Spectrin. (A) Organization of erythrocyte spectrin and the dimer-tetramer equilibrium. Spectrin is a long, flexible, wormlike protein composed of 2 chains (α- and β-spectrin). Each chain contains a tandem array of ∼5.0-nm, ∼106-amino acid, triple-helical spectrin-type repeats, with specialized functional domains for self-association and ankyrin-1 binding at the head end, and for binding to actin, protein 4.1R, and other associated proteins at the tail end. Each spectrin repeat is formed by 3 α-helices (A, B, and C) with short connecting loops that are folded like a flattened Z into a triple-helical bundle.12  α-Spectrin contains 21 numbered repeats (α1-α21), plus a partial repeat (α0) at the N-terminus that contains a single C-helix. One of the 21 is really an src homology 3 (SH3) domain (α10) but is numbered as a repeat by convention. β-Spectrin contains 16 true repeats (β1-β16) plus a partial repeat (β17) at the C-terminus that contains just the A and B helices. Note that for the spectrin αβ dimer to convert to the α2β2 tetramer, it must first cleave the internal linkage between the partial spectrin repeats α0 and β17 and then unfold (open dimer).13  This is the rate-limiting step in the dimer-tetramer equilibrium. Dimer-tetramer self-association occurs at the head end of the spectrin dimer where the adhesion protein Lutheran/basal cell adhesion molecule (Lu/BCAM) also attaches.14  Ankyrin-1 binds nearby to spectrin repeats β14-β15.15  These 2 reactions cooperate: ankyrin-binding favors spectrin tetramer formation, and vice versa.16  The isolated α- and β-spectrin chains join to form spectrin heterodimers at a nucleation site near the tail end of spectrin (repeats α-21 pairs with β-1, and α-20 with β-2) and then zip together in a cooperative manner.17  Actin and protein 4.1R bind to CH domains at the N-terminal end of β-spectrin, just beyond the nucleation site.18  Binding to the CH2 domain is activated by phosphatidylinositol-4,5-bisphosphate (PIP2).18  Adducin binds in the same region.19  Protein 4.2 and calcium ion (Ca2+) bind to a neighboring EF hand domain on α-spectrin.5  Both the EF hand and CH domains are needed for full actin binding.20,21  PS denotes spectrin repeats that bind phosphatidyl serine.22  Blue stars mark repeats that are relatively unstable at physiological temperatures.23  (B) Structure of spectrin repeats β8 and β9 (PDB 1S3524 ). Note that each repeat is formed by 3 α-helices (A, B, and C) in a Z configuration. Note also that helix C in β8 and helix A in β9 form a continuous α-helix that spans the junction between the repeats. (C) Hypothetical model of the tail end of spectrin based on recent structures of α-actinin.25,26  Note that the first actin-binding domain (CH1) binds to F-actin in an extended (open) conformation.26  The intimate relationship between the EF hand and CH domains and the recent evidence that the EF hand domain is required for optimal spectrin-actin binding20,21  suggest that the EF hand domains regulate actin binding.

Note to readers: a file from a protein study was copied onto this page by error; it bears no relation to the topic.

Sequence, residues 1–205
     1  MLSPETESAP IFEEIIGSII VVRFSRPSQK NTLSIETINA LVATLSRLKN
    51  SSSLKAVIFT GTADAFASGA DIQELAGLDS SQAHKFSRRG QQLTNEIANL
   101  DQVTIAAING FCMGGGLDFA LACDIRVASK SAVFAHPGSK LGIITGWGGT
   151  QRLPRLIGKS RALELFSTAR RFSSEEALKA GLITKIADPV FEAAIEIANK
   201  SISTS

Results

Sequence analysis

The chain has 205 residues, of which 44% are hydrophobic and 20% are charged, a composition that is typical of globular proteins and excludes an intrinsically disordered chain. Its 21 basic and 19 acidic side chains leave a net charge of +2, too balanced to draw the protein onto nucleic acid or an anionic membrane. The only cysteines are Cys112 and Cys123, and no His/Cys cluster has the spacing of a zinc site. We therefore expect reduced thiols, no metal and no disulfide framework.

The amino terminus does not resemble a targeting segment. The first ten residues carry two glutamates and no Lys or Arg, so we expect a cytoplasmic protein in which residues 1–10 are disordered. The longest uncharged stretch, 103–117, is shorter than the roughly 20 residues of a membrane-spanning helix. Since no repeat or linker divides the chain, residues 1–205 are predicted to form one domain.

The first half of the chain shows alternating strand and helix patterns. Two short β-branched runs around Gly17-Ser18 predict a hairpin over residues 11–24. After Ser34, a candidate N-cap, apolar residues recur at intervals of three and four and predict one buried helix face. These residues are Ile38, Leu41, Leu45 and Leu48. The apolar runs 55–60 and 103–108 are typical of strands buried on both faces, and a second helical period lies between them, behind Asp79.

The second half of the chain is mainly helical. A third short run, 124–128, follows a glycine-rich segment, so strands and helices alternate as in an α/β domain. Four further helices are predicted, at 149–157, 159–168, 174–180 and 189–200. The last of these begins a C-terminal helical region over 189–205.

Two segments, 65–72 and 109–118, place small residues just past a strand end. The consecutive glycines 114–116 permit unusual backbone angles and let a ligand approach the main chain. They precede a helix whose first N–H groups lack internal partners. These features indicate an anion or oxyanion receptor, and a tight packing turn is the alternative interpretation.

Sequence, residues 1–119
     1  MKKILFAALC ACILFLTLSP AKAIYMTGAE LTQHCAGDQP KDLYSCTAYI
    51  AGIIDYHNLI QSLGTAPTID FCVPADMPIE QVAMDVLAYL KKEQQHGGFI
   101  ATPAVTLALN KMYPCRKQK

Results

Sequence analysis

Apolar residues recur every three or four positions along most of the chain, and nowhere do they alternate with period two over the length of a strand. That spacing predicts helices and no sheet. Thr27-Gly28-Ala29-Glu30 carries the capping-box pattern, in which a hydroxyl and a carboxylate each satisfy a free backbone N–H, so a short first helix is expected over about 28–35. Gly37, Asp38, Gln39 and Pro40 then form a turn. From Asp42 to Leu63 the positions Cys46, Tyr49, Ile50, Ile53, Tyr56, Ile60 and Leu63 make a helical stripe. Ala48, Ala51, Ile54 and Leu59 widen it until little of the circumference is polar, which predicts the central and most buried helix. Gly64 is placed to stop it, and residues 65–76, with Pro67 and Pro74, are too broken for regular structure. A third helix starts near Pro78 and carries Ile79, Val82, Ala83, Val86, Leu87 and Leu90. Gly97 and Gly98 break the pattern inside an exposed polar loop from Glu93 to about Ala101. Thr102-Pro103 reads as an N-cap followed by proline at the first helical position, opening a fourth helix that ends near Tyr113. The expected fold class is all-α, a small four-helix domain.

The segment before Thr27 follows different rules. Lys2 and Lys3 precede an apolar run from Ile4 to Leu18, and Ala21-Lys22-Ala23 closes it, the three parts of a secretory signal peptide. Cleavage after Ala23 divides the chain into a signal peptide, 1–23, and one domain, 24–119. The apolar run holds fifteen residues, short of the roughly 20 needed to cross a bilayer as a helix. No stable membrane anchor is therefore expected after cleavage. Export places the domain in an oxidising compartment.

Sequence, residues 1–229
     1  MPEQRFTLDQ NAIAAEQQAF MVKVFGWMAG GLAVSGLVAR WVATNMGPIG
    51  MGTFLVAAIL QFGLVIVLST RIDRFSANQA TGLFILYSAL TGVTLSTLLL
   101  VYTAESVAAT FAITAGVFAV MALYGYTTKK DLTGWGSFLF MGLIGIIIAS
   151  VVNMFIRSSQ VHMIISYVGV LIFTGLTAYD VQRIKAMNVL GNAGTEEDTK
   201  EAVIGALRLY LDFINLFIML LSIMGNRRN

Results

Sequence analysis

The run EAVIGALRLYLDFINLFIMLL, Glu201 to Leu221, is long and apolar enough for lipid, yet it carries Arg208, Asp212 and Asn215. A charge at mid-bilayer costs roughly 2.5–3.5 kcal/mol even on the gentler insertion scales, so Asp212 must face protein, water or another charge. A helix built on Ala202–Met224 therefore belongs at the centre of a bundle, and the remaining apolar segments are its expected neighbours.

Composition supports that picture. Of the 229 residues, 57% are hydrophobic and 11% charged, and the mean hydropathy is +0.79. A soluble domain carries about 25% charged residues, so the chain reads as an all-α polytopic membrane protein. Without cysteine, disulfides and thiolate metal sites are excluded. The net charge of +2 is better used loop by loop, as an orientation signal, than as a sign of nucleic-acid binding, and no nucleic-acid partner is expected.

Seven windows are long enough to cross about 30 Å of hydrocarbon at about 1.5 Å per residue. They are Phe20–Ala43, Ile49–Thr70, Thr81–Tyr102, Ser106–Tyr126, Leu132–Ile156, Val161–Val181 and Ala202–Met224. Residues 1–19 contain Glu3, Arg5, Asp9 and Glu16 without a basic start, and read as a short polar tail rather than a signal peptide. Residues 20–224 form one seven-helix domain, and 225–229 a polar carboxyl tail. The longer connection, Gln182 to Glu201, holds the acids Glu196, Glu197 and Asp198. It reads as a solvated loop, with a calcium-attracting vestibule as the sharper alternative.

Isolated α- and β-spectrin chains bind to each other electrostatically at a pair of nucleation sites formed by repeats near the spectrin tail (Figure 3A). After this initial connection, the rest of the α and β chains zip together, coiling around each other approximately every 428  repeats. The side-to-side interactions beyond the nucleation site are relatively weak,29  allowing the 2 chains to slide past each other when the spectrin molecule flexes and extends during membrane deformation.